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Unlocking the X-factors driving women who stay and succeed in tech

We’ve heard the stories of women leaving promising careers in the technology industry due to a number of factors, including institutional barriers and gender bias. While the challenges women face in the tech industry are valid and deserve amplification, the singular focus on the experiences of those who leave can discourage others from pursuing highly rewarding, purposeful and well-paying careers. 

Worse, it supports a myth that women don’t have what it takes to thrive in the industry. This simply isn’t true. Women are innovating and excelling in meaningful tech careers. We wanted to talk with them. 

To build understanding of the industry and empower women in technology fields, our Capital One® Women in Tech survey —released today to coincide with the Grace Hopper Celebration—sought the perspective of 250 senior-level women in the United States who have remained in tech careers at least eight years and, in order to contrast experiences, 200 who left the industry after three or more years.

The results were encouraging and, in some ways, surprising. Here are the key takeaways:

Loving, excelling at and thriving in their careers

When asked why they have stayed in their tech careers, the respondents’ top three answers were “I am good at this work,” “I love the work” and “I enjoy working with other technologists.” Regarding the X-factors that enabled these women to stay and be successful, “the work itself” was among the top five reasons and “intellectually challenging work” topped the list.

Further, 78% of women who stayed in their tech careers said they were happy with their work. In fact, one of our most surprising findings was that both women who stayed and those who left said they were happy with their work; only 2% of women who left said they weren’t.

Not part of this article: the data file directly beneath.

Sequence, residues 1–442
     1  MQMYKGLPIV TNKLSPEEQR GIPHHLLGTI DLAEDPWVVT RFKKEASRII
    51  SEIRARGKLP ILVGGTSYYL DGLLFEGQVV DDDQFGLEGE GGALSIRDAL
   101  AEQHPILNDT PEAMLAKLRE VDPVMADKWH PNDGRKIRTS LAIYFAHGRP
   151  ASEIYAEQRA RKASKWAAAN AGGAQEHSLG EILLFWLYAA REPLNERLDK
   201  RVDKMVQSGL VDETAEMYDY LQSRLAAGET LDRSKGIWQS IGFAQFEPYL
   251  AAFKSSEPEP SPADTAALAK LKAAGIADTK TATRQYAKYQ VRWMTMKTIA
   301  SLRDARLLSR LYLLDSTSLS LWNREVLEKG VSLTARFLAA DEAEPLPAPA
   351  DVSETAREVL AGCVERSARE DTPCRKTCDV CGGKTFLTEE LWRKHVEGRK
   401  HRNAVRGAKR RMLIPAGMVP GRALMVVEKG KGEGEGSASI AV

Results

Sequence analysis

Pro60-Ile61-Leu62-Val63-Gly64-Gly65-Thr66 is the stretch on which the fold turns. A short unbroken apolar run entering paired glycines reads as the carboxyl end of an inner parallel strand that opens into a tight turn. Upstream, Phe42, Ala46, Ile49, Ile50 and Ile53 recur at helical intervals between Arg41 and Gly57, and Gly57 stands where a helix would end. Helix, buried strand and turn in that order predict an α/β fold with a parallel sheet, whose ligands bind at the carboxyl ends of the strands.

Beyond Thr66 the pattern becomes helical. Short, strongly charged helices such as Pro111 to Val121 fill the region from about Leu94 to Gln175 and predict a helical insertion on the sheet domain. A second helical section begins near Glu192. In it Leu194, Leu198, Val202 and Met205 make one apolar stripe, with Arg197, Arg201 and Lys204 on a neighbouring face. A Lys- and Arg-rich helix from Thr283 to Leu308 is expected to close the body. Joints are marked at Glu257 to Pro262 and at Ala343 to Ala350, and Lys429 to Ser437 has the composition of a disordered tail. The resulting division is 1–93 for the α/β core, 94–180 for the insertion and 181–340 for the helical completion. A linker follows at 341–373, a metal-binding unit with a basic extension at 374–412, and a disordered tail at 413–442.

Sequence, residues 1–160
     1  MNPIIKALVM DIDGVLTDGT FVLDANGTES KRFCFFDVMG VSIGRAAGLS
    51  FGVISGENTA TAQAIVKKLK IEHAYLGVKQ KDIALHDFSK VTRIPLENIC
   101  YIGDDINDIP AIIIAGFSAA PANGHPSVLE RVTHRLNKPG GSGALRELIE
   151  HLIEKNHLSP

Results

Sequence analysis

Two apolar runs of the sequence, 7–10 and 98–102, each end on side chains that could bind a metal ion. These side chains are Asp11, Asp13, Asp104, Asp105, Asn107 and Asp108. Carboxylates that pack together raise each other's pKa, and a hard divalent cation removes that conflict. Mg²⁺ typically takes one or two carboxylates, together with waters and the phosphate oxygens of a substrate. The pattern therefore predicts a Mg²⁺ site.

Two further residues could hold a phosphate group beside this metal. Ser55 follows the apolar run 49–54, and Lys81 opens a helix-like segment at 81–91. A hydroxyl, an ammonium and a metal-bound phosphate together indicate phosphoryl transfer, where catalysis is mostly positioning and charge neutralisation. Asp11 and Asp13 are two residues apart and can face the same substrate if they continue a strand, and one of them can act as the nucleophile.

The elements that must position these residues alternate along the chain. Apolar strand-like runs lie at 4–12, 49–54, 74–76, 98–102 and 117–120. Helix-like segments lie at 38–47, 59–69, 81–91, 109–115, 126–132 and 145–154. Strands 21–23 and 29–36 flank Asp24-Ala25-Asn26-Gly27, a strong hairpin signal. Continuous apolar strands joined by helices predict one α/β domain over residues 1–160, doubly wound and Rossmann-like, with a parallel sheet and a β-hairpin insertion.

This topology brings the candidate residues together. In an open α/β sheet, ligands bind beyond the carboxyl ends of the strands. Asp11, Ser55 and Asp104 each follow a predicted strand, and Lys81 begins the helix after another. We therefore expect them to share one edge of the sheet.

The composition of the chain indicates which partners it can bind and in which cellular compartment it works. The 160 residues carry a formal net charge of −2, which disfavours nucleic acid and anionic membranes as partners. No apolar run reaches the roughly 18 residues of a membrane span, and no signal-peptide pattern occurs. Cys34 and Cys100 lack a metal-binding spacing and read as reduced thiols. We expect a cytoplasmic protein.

This tells us two important things. First, women are enjoying amazing careers in tech, tearing down the myth that women are unhappy with or don’t “fit” into technology work. And second, for those who left their technology careers, something else went wrong—something about their environment or circumstances got in the way of an otherwise fulfilling career.

Clearing environmental hurdles

Respondents who have stayed in their technology careers also cited good, fair pay and benefits as a top reason. When asked why they might consider leaving, they said, “lack of opportunity for advancement,” “compensation that didn’t meet expectations” and “compensation that was unfair compared to my peers.” This is a clear message to employers that compensation and advancement are key to retaining women in the tech jobs they love. 

To women contemplating working in the industry, I want you to know that amazing opportunities are out there, the field is booming and the pay is on the higher end of all jobs. I have had an amazing career in technology spanning three decades. Like the women in this survey who have remained in their careers, I have stayed because I love the work, the people I work with and the ever-changing landscape that pushes me to continue learning. My career also provided me with the means to be more financially independent, which was important on a number of levels.

In one of the more surprising and gratifying outcomes of the survey, women who stayed also cited flexibility as an X-factor behind their longevity in the industry, highlighting that work-life balance has been important and enabling in their tech careers. This has been the case for me and for my female colleagues, too. Compared to other paths, in technology I’ve enjoyed a great deal of flexibility, allowing me to embrace my career while also actively raising my children and pursuing other passions.